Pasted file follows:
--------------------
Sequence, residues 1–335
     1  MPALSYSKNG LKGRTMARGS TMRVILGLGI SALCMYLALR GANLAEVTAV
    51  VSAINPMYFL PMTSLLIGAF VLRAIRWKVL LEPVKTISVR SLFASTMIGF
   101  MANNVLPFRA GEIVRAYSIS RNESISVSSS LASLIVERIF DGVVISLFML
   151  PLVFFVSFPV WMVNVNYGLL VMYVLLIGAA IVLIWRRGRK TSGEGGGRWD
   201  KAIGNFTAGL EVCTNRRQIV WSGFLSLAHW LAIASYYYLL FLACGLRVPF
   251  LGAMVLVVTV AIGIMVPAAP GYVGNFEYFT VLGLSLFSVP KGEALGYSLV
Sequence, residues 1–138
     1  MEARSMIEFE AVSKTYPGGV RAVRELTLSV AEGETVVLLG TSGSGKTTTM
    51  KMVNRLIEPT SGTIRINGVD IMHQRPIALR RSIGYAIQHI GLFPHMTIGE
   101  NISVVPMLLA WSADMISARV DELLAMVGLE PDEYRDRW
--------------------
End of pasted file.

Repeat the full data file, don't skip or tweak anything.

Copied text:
Sequence, residues 1–335
     1  MPALSYSKNG LKGRTMARGS TMRVILGLGI SALCMYLALR GANLAEVTAV
    51  VSAINPMYFL PMTSLLIGAF VLRAIRWKVL LEPVKTISVR SLFASTMIGF
   101  MANNVLPFRA GEIVRAYSIS RNESISVSSS LASLIVERIF DGVVISLFML
   151  PLVFFVSFPV WMVNVNYGLL VMYVLLIGAA IVLIWRRGRK TSGEGGGRWD
   201  KAIGNFTAGL EVCTNRRQIV WSGFLSLAHW LAIASYYYLL FLACGLRVPF
   251  LGAMVLVVTV AIGIMVPAAP GYVGNFEYFT VLGLSLFSVP KGEALGYSLV
Sequence, residues 1–138
     1  MEARSMIEFE AVSKTYPGGV RAVRELTLSV AEGETVVLLG TSGSGKTTTM
    51  KMVNRLIEPT SGTIRINGVD IMHQRPIALR RSIGYAIQHI GLFPHMTIGE
   101  NISVVPMLLA WSADMISARV DELLAMVGLE PDEYRDRW